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To stay safe, disconnect from distraction while driving


By Leha Byrd
University Public Affairs

Thursday, Dec. 22, 2016


Whether it’s a cell phone in your palm, food at your lips or an in-vehicle navigation system blaring instructions, it is not uncommon for drivers today to split their attention and fail to fully focus on the driving at hand. Centers for Disease Control statistics state that each day more than eight people are killed and 1,161 are injured in vehicle crashes that involve a distracted driver.Beth Broering

Beth Broering, trauma program manager at VCU Health, sees the fallout from those accidents firsthand.

“In the last several weeks we have seen an increase in teenagers in motor vehicle crashes,” she said. “We believe this is largely related to high school and college students being out of school for the holidays. Still, everyone is susceptible to distracted driving, from the elderly to the young. We all are now so accustomed to having smartphones and other distractions at our fingertips.”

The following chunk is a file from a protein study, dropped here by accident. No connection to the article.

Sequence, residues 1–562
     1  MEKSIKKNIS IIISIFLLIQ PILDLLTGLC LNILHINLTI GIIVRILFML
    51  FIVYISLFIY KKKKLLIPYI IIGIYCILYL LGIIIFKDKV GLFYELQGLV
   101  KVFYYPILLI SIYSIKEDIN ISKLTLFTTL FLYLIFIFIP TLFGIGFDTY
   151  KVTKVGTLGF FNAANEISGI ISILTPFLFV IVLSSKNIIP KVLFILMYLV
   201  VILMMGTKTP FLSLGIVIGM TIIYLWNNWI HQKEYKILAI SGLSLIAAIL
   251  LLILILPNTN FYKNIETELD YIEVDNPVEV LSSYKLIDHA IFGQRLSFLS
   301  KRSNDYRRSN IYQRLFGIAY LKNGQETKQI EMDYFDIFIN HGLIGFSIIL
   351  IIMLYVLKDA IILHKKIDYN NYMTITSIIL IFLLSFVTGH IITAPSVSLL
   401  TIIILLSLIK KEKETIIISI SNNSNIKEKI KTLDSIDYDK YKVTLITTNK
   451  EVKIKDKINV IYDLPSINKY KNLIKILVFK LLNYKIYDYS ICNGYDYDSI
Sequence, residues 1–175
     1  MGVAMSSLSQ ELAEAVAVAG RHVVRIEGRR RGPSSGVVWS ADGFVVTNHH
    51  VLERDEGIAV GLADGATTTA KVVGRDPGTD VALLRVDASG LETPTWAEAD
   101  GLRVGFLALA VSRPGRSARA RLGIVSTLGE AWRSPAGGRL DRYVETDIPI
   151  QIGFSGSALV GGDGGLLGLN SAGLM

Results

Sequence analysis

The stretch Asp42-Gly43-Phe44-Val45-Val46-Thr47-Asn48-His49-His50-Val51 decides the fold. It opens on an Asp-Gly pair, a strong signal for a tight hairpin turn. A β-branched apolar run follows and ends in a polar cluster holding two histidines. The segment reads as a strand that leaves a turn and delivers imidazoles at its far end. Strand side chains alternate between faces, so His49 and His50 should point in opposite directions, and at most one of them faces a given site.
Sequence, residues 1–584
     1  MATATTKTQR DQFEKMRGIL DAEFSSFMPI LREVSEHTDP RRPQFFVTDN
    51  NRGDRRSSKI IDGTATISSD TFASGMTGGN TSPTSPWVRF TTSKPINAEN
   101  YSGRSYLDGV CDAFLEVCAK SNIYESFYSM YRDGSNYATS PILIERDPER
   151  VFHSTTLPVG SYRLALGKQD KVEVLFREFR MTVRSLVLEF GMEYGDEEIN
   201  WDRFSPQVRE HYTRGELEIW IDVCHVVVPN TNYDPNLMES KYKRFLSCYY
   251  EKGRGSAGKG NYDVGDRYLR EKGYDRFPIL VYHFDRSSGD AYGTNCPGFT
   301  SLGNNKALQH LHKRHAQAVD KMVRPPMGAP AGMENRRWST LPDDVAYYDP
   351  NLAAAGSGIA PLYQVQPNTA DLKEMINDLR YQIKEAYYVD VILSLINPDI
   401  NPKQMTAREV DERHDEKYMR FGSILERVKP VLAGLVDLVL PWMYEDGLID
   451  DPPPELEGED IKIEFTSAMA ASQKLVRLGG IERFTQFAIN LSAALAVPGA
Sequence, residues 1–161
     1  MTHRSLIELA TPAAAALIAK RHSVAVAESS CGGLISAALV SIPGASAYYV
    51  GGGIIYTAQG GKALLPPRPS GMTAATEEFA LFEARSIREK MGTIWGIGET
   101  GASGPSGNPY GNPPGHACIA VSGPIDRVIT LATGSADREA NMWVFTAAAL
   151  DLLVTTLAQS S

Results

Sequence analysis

By definition, distracted driving is driving while doing another activity that takes your attention away from the road ahead. Distractions are characterized as either visual, manual or cognitive. Texting while driving is particularly dangerous, experts say, because it combines all three distraction types. At 55 mph, the average text takes your eyes off the road long enough to cover a football field.

Severe traumatic brain injuries and chest injuries such as rib fractures, lung injuries and major abdominal injuries are just some of the conditions suffered by people involved in motor vehicle and motorcycle crashes caused by distracted driving, Broering said.

Put cell phones away when driving. Even hands-free devices can be distracting.
Stop and pull to the side of the road if you need to make or answer a call.
Always keep both hands on the steering wheel. The nine and three position is advised by traffic officials.
Always use public transportation, a taxi/uber, or have a designated driver if you will be drinking alcoholic beverages.
Never mix alcohol with any prescription pain medicine and be aware of any side effects with other prescription medicine you might be taking.
Ensure you and everyone in your vehicle is properly restrained, both in the front and the back seats. Improper use of seat belts is as dangerous as not wearing a seatbelt. A person has a 50 percent higher risk of dying if they are ejected from a car.